Unconscionable behavior; Blame of others; Manipulative and conning;

Affectively cold; Disparate understanding; Socially irresponsible;

Disregardful of obligations; Nonconforming to norms; Irresponsible

whereas the DSM-IV "clinical" features of Antisocial Personality

Disorder (with a person having at least three of these

characteristics) are:

Clinical Symptoms for an Antisocial Personality Disorder


1. Failure to conform to social norms; 2. Deceitfulness,

manipulativeness; 3. Impulsivity, failure to plan ahead; 4.

Irritability, aggressiveness; 5. Reckless disregard for the safety

of self or others; 6. Consistent irresponsibility; 7. Lack of

remorse after having hurt, mistreated, or stolen from another


Sociopathy is chiefly characterized by something wrong with the

person's conscience. They either don't have one, it's full of holes

like Swiss cheese, or they are somehow able to completely

neutralize or negate any sense of conscience or future time

perspective. Sociopaths only care about fulfilling their own needs

and desires - selfishness and egocentricity to the extreme.

Everything and everybody else is mentally twisted around in their

minds as objects to be used in fulfilling their own needs and

desires. They often believe they are doing something good for

society, or at least nothing that bad. The term "sociopath" is

frequently used by psychologists and sociologists alike in

referring to persons whose unsocialized character is due primarily

to parental failures (usually fatherless) rather than an inherent

feature of temperament. Lykken (1995), for example, clearly

distinguishes between the sociopath (who is socialized into

becoming a psychopath) and a "true" psychopath (who is born that

way). However, this may only describe the "common sociopath", as

there are at least four (4) different subtypes -- common,

alienated, aggressive, and dissociate. Commons are characterized

mostly by their lack of conscience; the alienated by their

inability to love or be loved; aggressive by a consistent sadistic

streak; and dissociate by an ability to abide by gang rules, as

long as those rules are the wrong rules. As Stout (2005) indicates,

it only takes three of the following to be defined as a sociopath,

and some common sociopathic traits include:

List of Common Sociopathic Traits

Egocentricity; Callousness; Impulsivness; Conscience defect;

Exaggerated sexuality; Excessive boasting; Risk taking; Inability

to resist temptation; Antagonistic, deprecating attitude toward the

opposite sex; Lack of interest in bonding with a mate

Psychopathy is a concept subject to much debate, but is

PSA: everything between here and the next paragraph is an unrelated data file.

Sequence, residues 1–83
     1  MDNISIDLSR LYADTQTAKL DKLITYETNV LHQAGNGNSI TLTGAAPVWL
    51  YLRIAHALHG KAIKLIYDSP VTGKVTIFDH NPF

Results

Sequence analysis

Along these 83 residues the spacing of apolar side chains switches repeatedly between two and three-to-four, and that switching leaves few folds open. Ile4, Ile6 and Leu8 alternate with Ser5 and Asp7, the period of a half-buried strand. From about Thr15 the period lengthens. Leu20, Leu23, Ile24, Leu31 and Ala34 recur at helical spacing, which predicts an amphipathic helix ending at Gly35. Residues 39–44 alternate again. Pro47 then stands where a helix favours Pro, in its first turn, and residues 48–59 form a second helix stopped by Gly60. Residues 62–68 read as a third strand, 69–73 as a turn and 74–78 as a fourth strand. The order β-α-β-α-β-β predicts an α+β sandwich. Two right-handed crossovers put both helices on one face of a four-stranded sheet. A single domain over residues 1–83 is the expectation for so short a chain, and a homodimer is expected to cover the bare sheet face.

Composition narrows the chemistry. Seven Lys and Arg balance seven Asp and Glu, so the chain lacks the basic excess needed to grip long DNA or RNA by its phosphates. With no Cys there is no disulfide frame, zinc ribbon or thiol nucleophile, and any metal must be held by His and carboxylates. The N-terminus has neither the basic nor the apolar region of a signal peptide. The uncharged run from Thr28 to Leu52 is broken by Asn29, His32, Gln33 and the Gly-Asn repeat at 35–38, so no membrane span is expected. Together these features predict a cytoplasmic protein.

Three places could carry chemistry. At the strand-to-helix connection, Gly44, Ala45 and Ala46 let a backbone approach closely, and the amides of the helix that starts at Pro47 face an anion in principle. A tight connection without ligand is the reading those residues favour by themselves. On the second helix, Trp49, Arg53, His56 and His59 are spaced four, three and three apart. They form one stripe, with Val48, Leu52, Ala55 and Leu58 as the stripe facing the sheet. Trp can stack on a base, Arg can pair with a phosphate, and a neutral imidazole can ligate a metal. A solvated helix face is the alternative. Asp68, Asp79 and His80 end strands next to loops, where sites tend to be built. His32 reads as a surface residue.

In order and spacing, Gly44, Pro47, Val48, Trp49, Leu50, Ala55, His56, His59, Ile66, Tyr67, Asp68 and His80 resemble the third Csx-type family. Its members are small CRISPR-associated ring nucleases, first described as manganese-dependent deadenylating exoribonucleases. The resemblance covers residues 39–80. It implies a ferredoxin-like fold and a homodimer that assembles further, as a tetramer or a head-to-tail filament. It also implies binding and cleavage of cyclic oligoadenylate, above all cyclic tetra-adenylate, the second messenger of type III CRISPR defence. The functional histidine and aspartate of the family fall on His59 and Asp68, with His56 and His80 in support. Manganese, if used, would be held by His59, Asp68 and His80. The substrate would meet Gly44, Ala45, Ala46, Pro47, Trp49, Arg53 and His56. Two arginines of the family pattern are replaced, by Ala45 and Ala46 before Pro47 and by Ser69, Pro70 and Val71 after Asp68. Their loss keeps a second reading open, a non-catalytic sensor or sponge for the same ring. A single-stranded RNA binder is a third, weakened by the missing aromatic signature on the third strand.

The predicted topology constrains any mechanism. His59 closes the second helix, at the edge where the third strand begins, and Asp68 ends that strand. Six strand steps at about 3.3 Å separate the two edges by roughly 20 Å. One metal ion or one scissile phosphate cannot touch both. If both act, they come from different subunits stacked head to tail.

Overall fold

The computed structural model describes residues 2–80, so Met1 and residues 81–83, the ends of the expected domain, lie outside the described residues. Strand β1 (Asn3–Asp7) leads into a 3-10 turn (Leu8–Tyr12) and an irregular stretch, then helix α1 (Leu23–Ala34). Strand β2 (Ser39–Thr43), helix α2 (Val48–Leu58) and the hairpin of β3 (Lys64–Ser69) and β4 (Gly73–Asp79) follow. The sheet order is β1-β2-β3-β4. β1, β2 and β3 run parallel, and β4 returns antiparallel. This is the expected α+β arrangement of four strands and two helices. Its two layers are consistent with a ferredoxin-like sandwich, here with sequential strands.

usually defined as a constellation of affective, interpersonal, and

behavioral characteristics including egocentricity; impulsivness;

irresponsibility; shallow emotions; lack of empathy, guilt, or

remorse; pathological lying; manipulativeness; and the persistent

violation of social norms and expectations (Cleckley 1976; Hare

1993). The crimes of psychopaths are usually stone-cold,

remorseless killings for no apparent reason. They cold-bloodily

take what they want and do as they please without the slightest

sense of guilt or regret. In many ways, they are natural-born

species/ predators who satisfy their lust for power and control by

charm, manipulation, intimidation, and violence. While almost all

societies would regard them as criminals (the exception being

frontier or warlike societies where they might become heroes,

patriots, or leaders), it's important to distinguish their behavior

from criminal behavior. As a common axiom goes in psychology,

most psychopaths are antisocial persinalities, but not all

antisocial personalities are psychopaths. This is because APD

is defined mainly by behaviors (Factor 2 antisocial behaviors) and

doesn't tap the affective/interpersonal dimensions (Factor 1 core

psychopathic features, narcissism) of psychopathy. Further,

criminals and APDs tend to "age out" of crime; psychopaths do not,

and are at high risk of recidivism. Psychopaths love to

intellectualize in treatment with their half-baked understanding of

rules. Like the Star Trek character, Spock, their reasoning cannot

handle any mix of cognition and emotion. They are calculating

predators who, when trapped, will attempt escape, create a nuisance

and danger to staff, be a disruptive influence on other patients or

inmates, and fake symptoms to get transferred, bouncing back and

forth between institutions. The common features of psychopathic

traits (the PCL-R items) are:

List of Common Psychopathic Traits

Glib and superficial charm; Grandiose sense of self-worth; Need

for stimulation; Pathological lying; Conning and manipulating; Lack

of remorse or guilt; Shallow affect; Callousness and lack of

empathy; Parasitic lifestyle; Poor behavioral controls; Promiscuous

sexual behavior; Early behavior problems; Lack of realistic,

long-term goals; Impulsiveness; Irresponsibility; Failure to accept

responsibility for own actions; Many short-term marital

relationships; Juvenile delinquency; Revocation of conditional

release; Criminal versatility

In addition to these most well-known types, there have been

criminologists who have put forward additional constructs. They are

only mentioned here because of their relevance to serial criminals,

and the interesting similarity in the way they compare to the FBI's

"disorganized - organized" typology.

As for PHYSICAL SYMPTOMS, the original question: Hare (see his

book, "Without Conscience") worked with existing EEG and brain-scan

(PET scan?) technology to show that sociopaths do not process

emotional information the way other people do. It is believed that

in childhood, a born sociopath learns to direct such input through

other routes in the cerebral cortex, but as of yet no one knows

what blocks the impulses and signals from following their normal

route. Cortical under arousal, under active sympathetic division of

the autonomic nervous system, and brain waves while awake (on EEG)

that resemble the alpha-waves of light sleep, are all common or

universal symptoms of primary psychopaths. In addition, more and

more research shows that psychopaths lack the neurotransmitter

Oxytocin (secreted by the pituitary gland) and often have only half

as much Vasopressin (anti diuretic hormone) as most people do.

Abnormalities are thus not confined to the cerebral cortex; they

can be found in the cingulate gyrus and the entire limbic system as



child's brain develops exponentially after birth, and early

development requires physical contact and stimulation in order to

form the basis for interpersonal bonding; secondary psychopaths are

thought to have lacked this; refers to Reactive Attachment Disorder